In addition to a share of good fortune and favorable temperatures, ever wonder what it takes to clear streets following a snow such as what the City accumulated over the past weekend? Last weekend, the City received about eight inches of snow and a good amount of sleet–all total the moisture equivalent of about 12 inches of snow. Even though crews were busy plowing all day Sunday and Monday, work begins well before the plows begin running.
Preparing for Winter Weather
Well before any forecast for winter weather, plans are developed for clearing streets and bridges, equipment is readied and supplies are secured. These efforts involve personnel in Transportation, Fleet, Purchasing, Accounting, Public Works, and many others. The plans are refined year after year, learning from the experience of the previous year.
When Snow is Forecasted
A couple of days before any forecasted arrival of winter weather, crews begin preparing and repairing equipment, checking various forecast models, and reviewing plans. With this most recent storm, the work began Thursday and continued into Friday when crews started pre-treating streets with salt brine to make snow removal more efficient. Preparations include: salting sidewalks at municipal facilities, securing food and hotel rooms for personnel unable to make it home between shifts, and briefing the community on the latest forecasts and plans.
As the Snow Arrives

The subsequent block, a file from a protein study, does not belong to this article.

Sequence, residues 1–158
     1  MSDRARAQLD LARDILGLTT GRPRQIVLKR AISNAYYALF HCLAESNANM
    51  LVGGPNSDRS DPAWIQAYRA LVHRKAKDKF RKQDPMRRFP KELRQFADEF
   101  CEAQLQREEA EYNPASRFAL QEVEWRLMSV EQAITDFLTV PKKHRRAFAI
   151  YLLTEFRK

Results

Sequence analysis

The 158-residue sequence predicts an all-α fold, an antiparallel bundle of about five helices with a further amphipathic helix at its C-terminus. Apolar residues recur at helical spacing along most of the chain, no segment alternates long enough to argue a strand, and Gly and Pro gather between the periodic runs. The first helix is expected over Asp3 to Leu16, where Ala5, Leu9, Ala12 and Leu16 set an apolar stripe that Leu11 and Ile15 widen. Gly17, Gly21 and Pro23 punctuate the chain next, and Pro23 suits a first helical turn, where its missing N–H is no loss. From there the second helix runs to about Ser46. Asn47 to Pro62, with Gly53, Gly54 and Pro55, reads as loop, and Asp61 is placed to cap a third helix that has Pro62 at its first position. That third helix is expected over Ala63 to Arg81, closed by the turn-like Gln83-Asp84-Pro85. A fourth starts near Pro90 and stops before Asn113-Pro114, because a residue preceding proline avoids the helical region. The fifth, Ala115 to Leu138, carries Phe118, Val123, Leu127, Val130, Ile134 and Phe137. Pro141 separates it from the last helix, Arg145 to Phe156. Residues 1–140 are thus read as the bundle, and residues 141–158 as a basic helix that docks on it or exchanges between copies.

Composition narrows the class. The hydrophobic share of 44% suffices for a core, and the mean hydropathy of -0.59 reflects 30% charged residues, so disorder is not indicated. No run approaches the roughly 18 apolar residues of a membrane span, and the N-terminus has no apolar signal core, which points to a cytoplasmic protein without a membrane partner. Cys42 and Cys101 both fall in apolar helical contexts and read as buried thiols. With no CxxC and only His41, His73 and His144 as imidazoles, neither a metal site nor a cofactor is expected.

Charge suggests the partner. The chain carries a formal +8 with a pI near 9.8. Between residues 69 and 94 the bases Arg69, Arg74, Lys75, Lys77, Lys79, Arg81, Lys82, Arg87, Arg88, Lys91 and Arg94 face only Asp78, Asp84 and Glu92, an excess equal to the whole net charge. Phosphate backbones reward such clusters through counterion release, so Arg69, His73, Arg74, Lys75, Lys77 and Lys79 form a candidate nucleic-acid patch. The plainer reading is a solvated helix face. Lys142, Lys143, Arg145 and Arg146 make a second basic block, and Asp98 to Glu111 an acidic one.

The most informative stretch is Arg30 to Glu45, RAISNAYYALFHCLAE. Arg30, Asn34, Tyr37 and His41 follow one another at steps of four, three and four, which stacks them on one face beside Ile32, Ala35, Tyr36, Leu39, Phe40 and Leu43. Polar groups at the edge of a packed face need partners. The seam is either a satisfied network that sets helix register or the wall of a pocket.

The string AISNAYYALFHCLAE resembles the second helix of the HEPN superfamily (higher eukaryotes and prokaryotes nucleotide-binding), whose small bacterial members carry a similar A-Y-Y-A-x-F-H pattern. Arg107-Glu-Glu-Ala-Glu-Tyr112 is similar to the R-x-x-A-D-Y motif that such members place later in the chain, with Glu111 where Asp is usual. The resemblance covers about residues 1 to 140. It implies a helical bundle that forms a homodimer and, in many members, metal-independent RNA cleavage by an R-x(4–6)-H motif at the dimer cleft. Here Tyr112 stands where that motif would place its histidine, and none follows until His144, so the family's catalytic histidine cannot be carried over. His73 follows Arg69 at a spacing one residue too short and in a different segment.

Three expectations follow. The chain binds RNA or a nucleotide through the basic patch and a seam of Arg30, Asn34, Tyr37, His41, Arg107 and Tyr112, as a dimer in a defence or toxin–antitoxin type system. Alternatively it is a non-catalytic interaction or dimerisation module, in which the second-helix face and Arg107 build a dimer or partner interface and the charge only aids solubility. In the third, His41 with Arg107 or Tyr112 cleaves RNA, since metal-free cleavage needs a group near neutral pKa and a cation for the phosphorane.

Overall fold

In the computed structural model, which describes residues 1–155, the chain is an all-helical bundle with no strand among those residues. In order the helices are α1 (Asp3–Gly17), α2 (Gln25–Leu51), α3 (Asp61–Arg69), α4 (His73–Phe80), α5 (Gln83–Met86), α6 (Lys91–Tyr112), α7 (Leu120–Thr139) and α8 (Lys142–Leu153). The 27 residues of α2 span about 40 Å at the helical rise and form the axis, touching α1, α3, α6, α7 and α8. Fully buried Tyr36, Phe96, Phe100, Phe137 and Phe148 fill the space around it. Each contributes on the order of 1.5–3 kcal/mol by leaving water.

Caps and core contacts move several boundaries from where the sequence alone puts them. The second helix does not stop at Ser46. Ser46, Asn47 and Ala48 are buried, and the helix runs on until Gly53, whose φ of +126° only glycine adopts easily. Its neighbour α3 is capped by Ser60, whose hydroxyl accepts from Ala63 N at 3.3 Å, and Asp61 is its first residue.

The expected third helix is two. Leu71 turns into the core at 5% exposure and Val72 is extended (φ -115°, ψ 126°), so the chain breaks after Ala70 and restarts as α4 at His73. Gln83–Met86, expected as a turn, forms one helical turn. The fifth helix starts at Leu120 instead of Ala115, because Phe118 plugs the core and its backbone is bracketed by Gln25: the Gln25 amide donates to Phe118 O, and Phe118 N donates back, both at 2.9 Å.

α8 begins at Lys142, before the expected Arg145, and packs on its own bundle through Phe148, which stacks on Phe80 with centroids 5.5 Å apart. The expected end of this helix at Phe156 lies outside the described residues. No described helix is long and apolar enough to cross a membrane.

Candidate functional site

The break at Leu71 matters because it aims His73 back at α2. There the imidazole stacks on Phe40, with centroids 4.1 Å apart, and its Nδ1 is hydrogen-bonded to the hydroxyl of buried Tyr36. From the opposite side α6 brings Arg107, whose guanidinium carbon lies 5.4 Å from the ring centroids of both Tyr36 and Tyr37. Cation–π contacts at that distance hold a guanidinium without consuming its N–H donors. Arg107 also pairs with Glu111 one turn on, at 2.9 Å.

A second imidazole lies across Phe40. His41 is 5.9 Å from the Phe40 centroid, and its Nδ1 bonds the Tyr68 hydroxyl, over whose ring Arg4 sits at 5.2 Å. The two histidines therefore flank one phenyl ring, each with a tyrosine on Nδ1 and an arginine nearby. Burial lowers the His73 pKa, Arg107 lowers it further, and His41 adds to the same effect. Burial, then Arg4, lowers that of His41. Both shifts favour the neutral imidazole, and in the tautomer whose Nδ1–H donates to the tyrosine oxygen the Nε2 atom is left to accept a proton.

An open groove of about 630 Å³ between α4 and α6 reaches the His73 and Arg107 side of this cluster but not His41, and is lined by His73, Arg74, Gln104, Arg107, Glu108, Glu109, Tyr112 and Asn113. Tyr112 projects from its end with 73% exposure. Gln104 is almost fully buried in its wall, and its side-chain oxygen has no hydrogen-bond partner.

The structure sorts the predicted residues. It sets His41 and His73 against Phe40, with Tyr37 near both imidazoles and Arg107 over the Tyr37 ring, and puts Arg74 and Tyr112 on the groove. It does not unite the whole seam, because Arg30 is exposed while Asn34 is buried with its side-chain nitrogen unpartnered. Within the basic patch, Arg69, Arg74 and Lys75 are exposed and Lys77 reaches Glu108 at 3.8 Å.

As the snow arrives, crews begin working major streets and transit routes. Initially this involves additional spreading of salt and chemicals, and as snow amounts increase, turns to plowing. Around 100 staff members are involved in operating the equipment used to move snow, working 12-hour shifts on a 24-hour schedule, using more than 50 pieces of equipment. These individuals are supported by fleet personnel, helping make certain equipment continues to remain operational, custodians keeping facilities clean, and communications staff keeping the community aware of current conditions. Emergency dispatchers, police personnel, and Fire-EMS personnel also adjust their work schedules and ensure equipment is snow worthy–for example placing chains on ambulances. Throughout the event directors, emergency management personnel, and others are coordinating the various activities and the City Manager’s Office keeps the Mayor and City Council informed of current activities and conditions. Our Communications Team also manages all messaging internally to staff as well as externally to the community.
Returning to Normal
The City has a goal of clearing 90% of all major streets within 24 hours of the end of falling snow. With this storm that occurred around 11:30 p.m. on Sunday night. By mid-day on Monday, the City’s first goal was met. Once this is accomplished, the City’s second goal is to have 90% of all residential streets clear of snow, following which crews turn their attention to sidewalks at Municipal facilities and greenways as well as trucking snow out of downtown.
Only through the dedication of these folks, who work consistently for as long as it takes, can transit service, solid waste collection, school attendance, and more return to normal and we can all get back to work.
-- Bob Cowell